Understanding Disinheritance: What It Is and How It Works

Disinheritance DefinitionDisinheritance Definition

Key Takeaways

  • Disinheritance means intentionally excluding an heir from your estate plan.
  • Reasons for disinheriting can vary widely, from estrangement to financial concerns.
  • State laws dictate disinheritance rules - spouses and minors may have protections.
  • Disinheritance must be explicitly stated in estate documents to be legally valid.
  • Alternatives to disinheritance, such as trusts, can provide more nuanced control over assets.
  • Careful planning and legal counsel are crucial to minimize will contests.

What Is Disinheritance?

Disinheritance refers to the deliberate act by which a person chooses to exclude someone who would otherwise be a natural heir from receiving an inheritance through their will or estate plan. Typically, this involves a parent not leaving any assets or property to their child or children, but it can apply to any potential beneficiary, including spouses, siblings, or other relatives.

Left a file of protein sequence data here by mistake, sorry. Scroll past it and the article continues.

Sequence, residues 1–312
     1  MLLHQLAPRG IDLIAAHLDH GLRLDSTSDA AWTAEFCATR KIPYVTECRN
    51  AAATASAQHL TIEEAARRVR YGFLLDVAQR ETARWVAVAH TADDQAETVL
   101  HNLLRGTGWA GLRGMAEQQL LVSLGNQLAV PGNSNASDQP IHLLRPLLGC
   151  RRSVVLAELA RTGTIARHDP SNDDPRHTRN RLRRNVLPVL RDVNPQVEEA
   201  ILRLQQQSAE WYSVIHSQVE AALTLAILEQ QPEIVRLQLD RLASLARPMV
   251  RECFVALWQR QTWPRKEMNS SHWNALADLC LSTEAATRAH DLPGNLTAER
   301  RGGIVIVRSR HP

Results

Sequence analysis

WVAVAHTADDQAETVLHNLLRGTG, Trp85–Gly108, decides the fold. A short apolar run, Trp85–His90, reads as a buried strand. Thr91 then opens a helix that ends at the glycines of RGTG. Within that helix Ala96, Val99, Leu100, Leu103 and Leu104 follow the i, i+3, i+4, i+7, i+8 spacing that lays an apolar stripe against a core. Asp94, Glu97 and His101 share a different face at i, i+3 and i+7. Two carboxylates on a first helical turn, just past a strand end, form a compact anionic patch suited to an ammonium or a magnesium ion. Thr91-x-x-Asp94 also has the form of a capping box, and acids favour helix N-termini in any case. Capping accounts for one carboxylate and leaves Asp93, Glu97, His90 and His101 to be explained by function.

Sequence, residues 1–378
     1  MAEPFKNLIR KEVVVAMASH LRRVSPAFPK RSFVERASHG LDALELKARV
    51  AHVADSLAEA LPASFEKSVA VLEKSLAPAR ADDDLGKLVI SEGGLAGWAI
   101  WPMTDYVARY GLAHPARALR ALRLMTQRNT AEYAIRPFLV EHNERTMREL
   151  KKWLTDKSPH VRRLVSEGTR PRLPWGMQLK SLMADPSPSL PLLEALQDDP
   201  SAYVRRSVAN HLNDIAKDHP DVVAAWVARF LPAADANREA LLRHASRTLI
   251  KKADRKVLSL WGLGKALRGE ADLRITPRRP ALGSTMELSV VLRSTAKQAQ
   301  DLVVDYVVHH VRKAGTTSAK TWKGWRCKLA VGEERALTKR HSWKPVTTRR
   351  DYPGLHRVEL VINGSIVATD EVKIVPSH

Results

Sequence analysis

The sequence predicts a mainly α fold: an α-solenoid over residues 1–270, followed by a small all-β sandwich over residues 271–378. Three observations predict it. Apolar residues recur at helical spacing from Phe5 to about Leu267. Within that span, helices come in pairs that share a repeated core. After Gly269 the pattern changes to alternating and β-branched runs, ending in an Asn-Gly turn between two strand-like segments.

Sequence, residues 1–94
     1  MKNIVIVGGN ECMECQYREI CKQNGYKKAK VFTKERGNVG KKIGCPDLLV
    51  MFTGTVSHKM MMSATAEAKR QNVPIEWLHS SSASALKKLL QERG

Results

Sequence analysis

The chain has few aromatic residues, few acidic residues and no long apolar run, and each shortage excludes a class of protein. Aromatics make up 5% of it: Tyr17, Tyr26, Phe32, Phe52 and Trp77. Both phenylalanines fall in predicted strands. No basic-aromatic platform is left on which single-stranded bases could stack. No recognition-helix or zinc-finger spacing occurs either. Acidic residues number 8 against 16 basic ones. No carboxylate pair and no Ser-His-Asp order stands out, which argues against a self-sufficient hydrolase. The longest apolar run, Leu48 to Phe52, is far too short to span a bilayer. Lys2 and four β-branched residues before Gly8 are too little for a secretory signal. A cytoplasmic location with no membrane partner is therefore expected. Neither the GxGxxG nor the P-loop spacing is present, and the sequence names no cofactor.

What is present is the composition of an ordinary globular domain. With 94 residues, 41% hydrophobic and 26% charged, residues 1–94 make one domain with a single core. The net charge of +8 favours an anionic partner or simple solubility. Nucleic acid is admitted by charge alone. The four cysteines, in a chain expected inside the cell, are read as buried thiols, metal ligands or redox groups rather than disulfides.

In legal terms, disinheritance must be clearly stated in the will or trust to avoid ambiguity and potential legal disputes. Simply excluding someone may not be enough; clear and explicit language is typically required to ensure the disinheritance is legally valid.

What Are The Reasons To Disinherit Someone?

Disinheriting someone from your will or estate plan is a significant decision that can stem from various reasons. Here are some common causes:

  • Estrangement or Abandonment: A long-term breakdown or lack of relationship, especially in cases of neglect or lack of contact, can be a significant factor.